How to prevent damp, mould and condensation in your home

Damp can cause mould on walls, furniture and rot window frames, and it can increase the risk of respiratory illnesses, such as asthma.

It is often caused by condensation.

About condensation

When air gets colder, it cannot hold all the moisture it contains and tiny drops of water appear. This is condensation.

It occurs mainly during the winter because a building is cold and windows are opened less, meaning moist air cannot escape.

It can occur in one part of a building and move to another area as the moisture will pass to the colder parts.

Condensation can also come from:

  • leaking pipes, wastes or overflows
  • when rain leaks through a building
  • defective damp proofing course (or where there is no damp course)

These causes of damp usually leave a tidemark.

If the home is damp for any of those reasons it may take weeks of heating and ventilation to dry out.

Newly built homes may be damp because the water used during its construction is still drying out.

If the problem is due to any of these causes, then it is likely to be part of the landlords repairing responsibilities. If you do not think the damp comes from any of these causes, then it is probably condensation.


How to avoid condensation

Produce less moisture

Daily activities can produce a lot of moisture, so it is good to:

  • cover pans
  • avoid drying clothes on radiators
  • vent tumble dryers on the outside


Homes can be ventilated without making draughts:

  • open bedroom windows in the morning
  • ventilate kitchens and bathrooms when in use by opening the windows
  • close kitchen and bathroom doors when these rooms are in use, even if your kitchen has an extractor fan (closed doors help prevent moisture reaching other rooms)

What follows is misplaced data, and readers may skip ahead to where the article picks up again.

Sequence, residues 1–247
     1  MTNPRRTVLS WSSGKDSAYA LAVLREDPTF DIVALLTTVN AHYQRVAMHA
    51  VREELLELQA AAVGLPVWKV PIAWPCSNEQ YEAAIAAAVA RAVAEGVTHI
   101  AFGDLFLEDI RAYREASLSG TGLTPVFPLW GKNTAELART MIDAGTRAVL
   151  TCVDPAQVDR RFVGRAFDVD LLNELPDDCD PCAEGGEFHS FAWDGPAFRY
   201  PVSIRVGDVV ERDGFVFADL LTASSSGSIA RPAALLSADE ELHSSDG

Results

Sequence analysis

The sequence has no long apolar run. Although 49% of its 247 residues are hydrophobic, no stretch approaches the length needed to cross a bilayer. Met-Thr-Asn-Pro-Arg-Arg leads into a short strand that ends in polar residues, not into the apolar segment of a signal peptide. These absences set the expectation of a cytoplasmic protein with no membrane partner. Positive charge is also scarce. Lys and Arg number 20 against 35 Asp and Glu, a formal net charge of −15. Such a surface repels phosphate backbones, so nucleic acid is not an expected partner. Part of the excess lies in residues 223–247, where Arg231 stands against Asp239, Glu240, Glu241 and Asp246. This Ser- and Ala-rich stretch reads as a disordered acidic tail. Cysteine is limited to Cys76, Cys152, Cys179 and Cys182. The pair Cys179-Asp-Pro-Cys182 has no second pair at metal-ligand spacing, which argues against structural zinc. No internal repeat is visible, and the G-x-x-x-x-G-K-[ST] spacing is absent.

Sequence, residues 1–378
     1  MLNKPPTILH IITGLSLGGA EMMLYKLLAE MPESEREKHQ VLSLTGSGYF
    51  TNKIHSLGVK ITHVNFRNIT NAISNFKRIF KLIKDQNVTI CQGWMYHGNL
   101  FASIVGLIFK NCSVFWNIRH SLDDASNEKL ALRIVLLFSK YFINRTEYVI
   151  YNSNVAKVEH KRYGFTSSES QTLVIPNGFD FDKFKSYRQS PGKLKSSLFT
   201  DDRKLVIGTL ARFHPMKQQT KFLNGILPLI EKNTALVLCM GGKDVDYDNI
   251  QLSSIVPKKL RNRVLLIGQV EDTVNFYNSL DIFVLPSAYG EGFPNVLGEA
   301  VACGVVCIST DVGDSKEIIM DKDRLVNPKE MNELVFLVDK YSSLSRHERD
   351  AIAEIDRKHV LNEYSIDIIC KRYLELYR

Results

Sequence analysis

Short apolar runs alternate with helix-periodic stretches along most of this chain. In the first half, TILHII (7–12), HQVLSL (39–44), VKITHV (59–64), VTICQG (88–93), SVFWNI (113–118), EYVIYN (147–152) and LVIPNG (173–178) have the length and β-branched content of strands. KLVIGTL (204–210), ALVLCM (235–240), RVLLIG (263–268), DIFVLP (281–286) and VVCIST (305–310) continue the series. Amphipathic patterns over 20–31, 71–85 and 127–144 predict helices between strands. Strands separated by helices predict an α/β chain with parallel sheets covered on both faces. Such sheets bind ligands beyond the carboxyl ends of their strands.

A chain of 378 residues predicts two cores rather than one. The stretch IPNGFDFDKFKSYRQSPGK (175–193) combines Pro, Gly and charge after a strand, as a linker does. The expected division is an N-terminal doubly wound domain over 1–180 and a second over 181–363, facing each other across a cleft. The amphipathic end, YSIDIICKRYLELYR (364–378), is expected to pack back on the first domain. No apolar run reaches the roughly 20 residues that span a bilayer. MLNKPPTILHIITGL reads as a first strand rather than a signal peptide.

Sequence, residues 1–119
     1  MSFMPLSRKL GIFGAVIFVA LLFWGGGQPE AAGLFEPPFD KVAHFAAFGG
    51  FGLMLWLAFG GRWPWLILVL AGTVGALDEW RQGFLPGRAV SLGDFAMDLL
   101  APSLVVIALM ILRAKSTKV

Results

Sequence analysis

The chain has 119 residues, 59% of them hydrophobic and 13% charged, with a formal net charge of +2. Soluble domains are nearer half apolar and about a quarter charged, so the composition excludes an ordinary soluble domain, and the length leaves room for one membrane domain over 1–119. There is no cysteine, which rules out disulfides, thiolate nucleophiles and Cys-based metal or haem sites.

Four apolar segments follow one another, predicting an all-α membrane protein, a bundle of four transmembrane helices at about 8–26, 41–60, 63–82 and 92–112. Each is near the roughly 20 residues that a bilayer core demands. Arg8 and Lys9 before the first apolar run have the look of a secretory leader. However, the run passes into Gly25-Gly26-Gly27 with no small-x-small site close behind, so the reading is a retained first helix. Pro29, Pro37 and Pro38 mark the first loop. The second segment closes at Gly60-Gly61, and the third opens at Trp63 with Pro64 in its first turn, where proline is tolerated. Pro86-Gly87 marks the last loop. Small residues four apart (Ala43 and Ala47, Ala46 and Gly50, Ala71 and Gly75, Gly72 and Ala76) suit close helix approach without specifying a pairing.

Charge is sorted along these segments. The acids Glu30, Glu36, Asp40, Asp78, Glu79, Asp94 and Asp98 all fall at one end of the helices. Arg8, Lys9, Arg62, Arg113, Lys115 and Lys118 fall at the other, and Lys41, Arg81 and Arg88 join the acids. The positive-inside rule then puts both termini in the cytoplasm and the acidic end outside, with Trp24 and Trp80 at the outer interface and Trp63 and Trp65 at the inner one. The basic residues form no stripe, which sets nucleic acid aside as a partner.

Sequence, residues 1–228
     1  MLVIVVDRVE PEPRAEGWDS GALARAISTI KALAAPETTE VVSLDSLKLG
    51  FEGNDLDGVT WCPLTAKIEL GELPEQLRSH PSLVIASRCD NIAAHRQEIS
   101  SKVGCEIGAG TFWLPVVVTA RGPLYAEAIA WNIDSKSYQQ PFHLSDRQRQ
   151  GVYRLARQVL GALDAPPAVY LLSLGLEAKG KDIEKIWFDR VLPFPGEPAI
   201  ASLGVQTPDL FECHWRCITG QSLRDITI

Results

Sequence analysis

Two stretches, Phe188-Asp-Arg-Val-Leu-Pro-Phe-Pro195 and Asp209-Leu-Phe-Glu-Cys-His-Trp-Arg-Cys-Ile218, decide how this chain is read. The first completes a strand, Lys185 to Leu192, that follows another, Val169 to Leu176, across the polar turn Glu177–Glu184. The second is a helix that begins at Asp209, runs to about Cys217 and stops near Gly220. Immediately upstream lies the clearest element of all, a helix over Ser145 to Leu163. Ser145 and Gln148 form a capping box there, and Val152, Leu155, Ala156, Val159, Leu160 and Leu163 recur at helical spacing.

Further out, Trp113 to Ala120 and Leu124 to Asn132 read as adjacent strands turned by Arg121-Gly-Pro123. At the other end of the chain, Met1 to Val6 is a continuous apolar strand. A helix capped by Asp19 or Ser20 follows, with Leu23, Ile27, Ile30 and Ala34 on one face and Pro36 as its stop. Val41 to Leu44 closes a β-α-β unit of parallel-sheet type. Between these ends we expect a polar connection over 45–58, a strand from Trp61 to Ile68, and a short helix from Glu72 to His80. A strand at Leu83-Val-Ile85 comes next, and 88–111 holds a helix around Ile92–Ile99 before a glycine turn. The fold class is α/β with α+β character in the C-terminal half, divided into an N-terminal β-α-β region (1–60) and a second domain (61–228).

• use permanent vents


Central heating is usually the best form of heating.

If heating is not used enough the structure will not heat up and leave it vulnerable to condensation problems.

In cold weather, keep low background heating on all day, even when there is no one at home.

Avoid heaters that do not warm up the structure.

Insulate and draughtproof

When the whole home is warmer, condensation is less likely.

Insulation and draughtproofing will help keep homes warm and will also cut fuel bills.

You should not draughtproof windows in the bathroom and kitchen and rooms where there is condensation or mould.

Things you can do:

  • use double glazed windows, which reduce heat loss and draughts 
  • insulating lofts - most houses will have less insulation than the standard of 270mm unless improved recently (loft hatches need draughtproofing, but do not block the opening under the eaves)
  • insulate gaps between the joists in a cellar where cellar ceilings have been removed 
  • cavity wall insulation is a good improvement for post-1920s houses
  • insulated plasterboards on internal walls are good for houses without cavity walls

Avoiding mould

The only lasting way of avoiding severe mould is to eliminate dampness.

If the landlord has provided correct levels of insulation, suitable heating and ventilation then it will usually be the responsibility of the tenant to treat for mould.

To kill and remove mould:

  • wipe down walls and window frames with a fungicidal
  • the wallpaper will then need to be removed in the affected area 
  • it should be replaced only after the condensation has been eliminated and a fungicidal wallpaper paste should be used
  • after treatment, redecorate using a good quality fungicidal paint to help prevent mould recurring

Be careful when handling mould: disturbing mould by brushing or vacuum cleaning can increase the risk of respiratory problems, which can be caused or made worse through mould. 

You can also shampoo carpets and dry–clean mildewed clothes to avoid mould. 

Moisture build up and carbon monoxide

To avoid build up of moisture and to help reduce chances of carbon monoxide poisoning:

  • do not block permanent ventilators
  • do not completely block chimneys - leave a hole about two bricks in size and fit a louvered grille over it
  • rooms with gas or solid fuel fires, cookers or boilers require adequate ventilation, so do not draughtproof in these rooms

Contact Private Housing Standards

Floor 2
Solpro Business Park
Windsor Street
S4 7WB

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